The Day Hagan Tactical Dividend Strategy (DHTD) returned +2.78%* gross (+2.75%* net) during the month of February versus the S&P 500 at +3.97% and the Russell 1000 Value at +3.59%.  All numbers are total return.  The positive returns for the month came as the portfolio maintained a defensive stance based on the dictates of our disciplined methodology. As of this writing, we remain defensive and hold a meaningful cash position. 

During the month, Medical Distributors led industry performance with Energy lagging; Costco (COST) and Waddell & Reed (WDR) were the best performing individual names in February. Year to date, Asset Management was the top performing industry; however, Cardinal Health (CAH) and AmerisourceBergen (ABC), both from the Medical Distributors industry, outperformed all other equities.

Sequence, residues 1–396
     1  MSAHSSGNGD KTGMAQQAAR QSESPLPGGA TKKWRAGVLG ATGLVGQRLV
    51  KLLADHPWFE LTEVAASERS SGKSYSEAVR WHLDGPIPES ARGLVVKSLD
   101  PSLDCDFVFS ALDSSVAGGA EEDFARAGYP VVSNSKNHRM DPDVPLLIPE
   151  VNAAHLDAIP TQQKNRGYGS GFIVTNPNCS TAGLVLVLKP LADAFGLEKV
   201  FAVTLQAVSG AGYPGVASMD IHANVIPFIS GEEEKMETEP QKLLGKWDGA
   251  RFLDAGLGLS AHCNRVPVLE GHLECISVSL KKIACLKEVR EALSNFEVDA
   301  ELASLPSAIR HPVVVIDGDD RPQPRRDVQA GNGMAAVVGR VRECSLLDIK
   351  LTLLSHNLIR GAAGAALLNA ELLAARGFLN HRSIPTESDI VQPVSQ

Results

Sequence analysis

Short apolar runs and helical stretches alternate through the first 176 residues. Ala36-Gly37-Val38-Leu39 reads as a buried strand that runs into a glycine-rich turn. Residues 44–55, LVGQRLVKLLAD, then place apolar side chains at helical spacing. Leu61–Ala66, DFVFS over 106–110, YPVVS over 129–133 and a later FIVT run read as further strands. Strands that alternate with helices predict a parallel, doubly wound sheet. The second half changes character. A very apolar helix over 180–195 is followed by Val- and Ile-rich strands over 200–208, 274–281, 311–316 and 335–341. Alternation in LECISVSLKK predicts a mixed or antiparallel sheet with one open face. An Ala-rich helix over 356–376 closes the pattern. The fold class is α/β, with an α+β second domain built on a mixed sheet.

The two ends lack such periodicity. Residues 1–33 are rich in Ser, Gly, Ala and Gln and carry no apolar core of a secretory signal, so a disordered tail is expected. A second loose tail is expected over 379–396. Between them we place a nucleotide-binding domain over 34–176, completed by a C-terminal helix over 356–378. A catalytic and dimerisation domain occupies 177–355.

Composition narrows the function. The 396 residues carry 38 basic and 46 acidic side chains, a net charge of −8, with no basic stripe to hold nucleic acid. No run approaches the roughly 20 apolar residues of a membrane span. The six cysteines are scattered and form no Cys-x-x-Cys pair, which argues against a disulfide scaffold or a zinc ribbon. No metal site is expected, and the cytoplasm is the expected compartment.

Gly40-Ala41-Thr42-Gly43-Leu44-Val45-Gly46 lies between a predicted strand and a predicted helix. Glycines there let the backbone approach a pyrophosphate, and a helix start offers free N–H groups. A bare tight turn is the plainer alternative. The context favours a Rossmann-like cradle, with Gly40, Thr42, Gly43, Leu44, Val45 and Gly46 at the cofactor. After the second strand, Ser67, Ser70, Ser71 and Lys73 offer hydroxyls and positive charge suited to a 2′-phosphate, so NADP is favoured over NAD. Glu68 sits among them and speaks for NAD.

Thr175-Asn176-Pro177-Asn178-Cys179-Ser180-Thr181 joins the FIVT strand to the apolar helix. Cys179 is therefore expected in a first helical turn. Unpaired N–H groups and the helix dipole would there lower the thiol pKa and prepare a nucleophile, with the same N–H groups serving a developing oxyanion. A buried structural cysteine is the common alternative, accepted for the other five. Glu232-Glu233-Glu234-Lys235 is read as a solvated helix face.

Early in the month of February, we sold all of our positions in the Software industry while concurrently modestly increasing our allocation to the Asset Management industry. Among the software names we sold, Oracle was still in a relatively attractive buy range, but the other positions within the industry had approached fair market value as we measure it. As a result, the lack of available diversification and replacements alongside the extended valuations of the industry directed us to an overall sell decision. Since our original purchases of our Software industry positions in August 2015, the average return for our holdings was nearly 25%*. We continue to hold our positions within the Information Technology Services industry, which also resides in the technology sector.